Date of Award


Document Type


Degree Name

Doctor of Philosophy (PhD)




College of Graduate Studies

First Advisor

Sammanda Ramamoorthy

Second Advisor

James Cook

Third Advisor

Ann-Charlotte Granholm

Fourth Advisor

Peter Kalivas

Fifth Advisor

Douglas H. Sweet

Sixth Advisor

John Woodward


The serotonin transporter (SERT) is the primary mechanism for the termination of synaptic signaling. It is of clinical relevance because it is a high-affinity target for therapeutics such as anti-depressants (SSRIs) and drugs of abuse such as cocaine, amphetamine, and 3,4 methylenedioxymethamphetamine (ecstasy). It is also seen as a protein potentially involved in the etiology underlying disorders such as clinical depression, autism, anxiety-related disorders, obsessive compulsive disorder, and anorexia nervosa among others. SERT has also been found to be a target of protein kinases that exert their effects through phosphorylation. For example, activation of protein kinase C (PKC) decreases SERT uptake of serotonin (5-HT) by increasing internalization of SERT from the plasma membrane. Conversely, phosphorylation of SERT by protein kinase G (PKG) appears to increase SERT uptake of 5-HT from the synapse. It has also been thought that oligomerization of SERT is a necessary component of endoplasmic reticulum (ER) exocytosis and plasma membrane expression. However, there has been no common tie between these two very important processes of SERT regulation. In this study, we examined regulation of SERT phosphorylation's effect on SERT oligomerization. Our results indicated that phosphorylation of SERT by kinases that stimulate 5-HT uptake, p38 mitogen-activated protein kinase (MAPK) and PKG decrease SERT oligomerization in HEK-293 cells. We also identified the putative phosphorylation site of SERT for PKG. PKC however showed the opposite effect by increasing SERT oligomerization upon activation with phorbol esters. In this study we also show that phosphorylation is a potential mechanism for regulating the oligomeric state of SERT using site-directed mutagenesis at a putative site in SERT phosphorylated by PKG. Lastly, we show that human mutant polymorphisms found in patients with obsessive compulsive disorder and other serotonin-related disorders, that have been shown to increase 5-HT uptake by SERT, appear to decrease the homo-oligomeric complex of SERT much like PKG and p38 MAPK. Lastly, we show that oligomerization is necessary for correct protein expression and that physiologically relevant concentrations of cocaine appear to increase SER T oligomerization. These results show for the first time that the oligomerization status of SERT can be regulated by protein kinases.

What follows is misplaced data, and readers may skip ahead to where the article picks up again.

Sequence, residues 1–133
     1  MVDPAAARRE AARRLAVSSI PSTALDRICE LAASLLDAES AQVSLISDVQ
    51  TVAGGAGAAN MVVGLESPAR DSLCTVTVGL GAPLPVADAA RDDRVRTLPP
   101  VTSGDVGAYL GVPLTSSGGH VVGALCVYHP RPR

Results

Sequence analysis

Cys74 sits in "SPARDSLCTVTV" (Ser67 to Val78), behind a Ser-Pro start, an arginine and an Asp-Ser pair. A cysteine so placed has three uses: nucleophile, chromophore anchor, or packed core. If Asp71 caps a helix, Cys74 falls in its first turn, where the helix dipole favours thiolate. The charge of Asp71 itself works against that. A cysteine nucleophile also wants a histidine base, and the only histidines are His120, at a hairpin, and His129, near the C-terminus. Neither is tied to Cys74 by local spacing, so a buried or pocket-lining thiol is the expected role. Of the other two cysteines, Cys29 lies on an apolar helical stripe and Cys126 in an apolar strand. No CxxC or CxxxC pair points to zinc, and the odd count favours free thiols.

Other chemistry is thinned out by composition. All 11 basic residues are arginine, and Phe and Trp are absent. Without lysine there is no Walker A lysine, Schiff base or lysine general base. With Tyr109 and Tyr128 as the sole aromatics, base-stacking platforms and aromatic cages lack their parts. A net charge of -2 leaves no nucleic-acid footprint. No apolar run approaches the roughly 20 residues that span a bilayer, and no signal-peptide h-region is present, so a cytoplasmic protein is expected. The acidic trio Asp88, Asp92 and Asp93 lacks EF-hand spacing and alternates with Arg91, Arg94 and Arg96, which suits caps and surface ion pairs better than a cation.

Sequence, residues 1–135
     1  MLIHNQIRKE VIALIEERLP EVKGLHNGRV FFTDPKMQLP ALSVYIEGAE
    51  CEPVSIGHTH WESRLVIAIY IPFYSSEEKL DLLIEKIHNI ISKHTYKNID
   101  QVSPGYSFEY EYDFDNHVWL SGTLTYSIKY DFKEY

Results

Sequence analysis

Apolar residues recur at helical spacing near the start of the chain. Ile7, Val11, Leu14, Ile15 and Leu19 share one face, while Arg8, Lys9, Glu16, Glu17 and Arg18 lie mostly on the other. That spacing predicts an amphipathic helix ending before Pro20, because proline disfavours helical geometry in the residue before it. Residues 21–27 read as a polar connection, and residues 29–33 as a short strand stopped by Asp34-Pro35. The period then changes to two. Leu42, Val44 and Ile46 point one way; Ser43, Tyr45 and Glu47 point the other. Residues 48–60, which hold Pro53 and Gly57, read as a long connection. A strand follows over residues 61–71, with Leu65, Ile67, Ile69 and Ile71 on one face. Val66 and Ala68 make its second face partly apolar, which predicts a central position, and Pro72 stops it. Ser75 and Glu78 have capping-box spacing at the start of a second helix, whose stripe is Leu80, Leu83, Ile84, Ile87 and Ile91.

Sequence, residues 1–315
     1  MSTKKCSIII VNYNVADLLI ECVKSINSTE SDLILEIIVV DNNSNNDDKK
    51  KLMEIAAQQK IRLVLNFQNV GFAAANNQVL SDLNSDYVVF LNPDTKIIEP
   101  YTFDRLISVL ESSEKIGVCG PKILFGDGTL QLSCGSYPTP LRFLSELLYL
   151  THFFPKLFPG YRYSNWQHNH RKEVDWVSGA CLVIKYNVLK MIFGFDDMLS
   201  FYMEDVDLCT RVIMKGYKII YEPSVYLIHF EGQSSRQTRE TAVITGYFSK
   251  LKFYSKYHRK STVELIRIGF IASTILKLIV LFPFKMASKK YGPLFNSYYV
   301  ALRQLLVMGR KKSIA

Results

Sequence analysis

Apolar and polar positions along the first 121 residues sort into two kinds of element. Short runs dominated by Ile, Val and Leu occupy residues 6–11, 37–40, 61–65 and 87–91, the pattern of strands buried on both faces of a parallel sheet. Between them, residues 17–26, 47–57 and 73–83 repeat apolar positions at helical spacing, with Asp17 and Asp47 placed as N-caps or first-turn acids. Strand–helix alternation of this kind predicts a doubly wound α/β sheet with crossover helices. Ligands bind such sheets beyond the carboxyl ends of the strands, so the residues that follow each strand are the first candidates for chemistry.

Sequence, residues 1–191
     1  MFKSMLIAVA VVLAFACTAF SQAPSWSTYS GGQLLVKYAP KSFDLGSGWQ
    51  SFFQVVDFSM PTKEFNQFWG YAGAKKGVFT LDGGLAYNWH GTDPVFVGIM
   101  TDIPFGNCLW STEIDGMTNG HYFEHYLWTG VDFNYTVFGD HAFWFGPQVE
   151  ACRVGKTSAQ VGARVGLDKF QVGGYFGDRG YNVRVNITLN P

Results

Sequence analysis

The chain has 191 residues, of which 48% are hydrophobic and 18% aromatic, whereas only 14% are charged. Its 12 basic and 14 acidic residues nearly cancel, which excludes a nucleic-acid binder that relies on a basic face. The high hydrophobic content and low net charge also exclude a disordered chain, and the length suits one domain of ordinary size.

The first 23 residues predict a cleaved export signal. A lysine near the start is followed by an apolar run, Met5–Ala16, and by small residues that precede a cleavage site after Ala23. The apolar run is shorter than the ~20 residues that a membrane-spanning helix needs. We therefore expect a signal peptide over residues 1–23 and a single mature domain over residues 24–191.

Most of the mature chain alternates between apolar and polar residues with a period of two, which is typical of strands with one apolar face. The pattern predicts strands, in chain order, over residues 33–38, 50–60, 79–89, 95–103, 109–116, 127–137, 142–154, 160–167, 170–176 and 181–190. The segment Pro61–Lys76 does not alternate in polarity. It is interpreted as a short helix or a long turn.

All rights reserved. Copyright is held by the author.